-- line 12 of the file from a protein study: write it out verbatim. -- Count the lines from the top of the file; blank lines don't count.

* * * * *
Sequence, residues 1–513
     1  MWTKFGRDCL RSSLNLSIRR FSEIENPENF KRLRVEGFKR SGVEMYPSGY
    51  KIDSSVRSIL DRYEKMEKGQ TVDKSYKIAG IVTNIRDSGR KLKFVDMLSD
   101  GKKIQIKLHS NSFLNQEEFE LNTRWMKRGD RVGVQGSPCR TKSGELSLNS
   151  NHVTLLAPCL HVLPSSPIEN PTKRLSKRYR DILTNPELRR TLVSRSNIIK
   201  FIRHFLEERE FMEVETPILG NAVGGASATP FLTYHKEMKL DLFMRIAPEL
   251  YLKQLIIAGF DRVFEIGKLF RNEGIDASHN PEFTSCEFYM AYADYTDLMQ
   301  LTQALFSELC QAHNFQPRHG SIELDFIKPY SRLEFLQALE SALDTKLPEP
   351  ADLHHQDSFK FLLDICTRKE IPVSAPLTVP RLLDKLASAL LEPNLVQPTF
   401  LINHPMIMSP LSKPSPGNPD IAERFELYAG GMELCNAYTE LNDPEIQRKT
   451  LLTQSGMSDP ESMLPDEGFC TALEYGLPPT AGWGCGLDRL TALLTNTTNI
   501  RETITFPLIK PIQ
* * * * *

   501  RETITFPLIK PIQ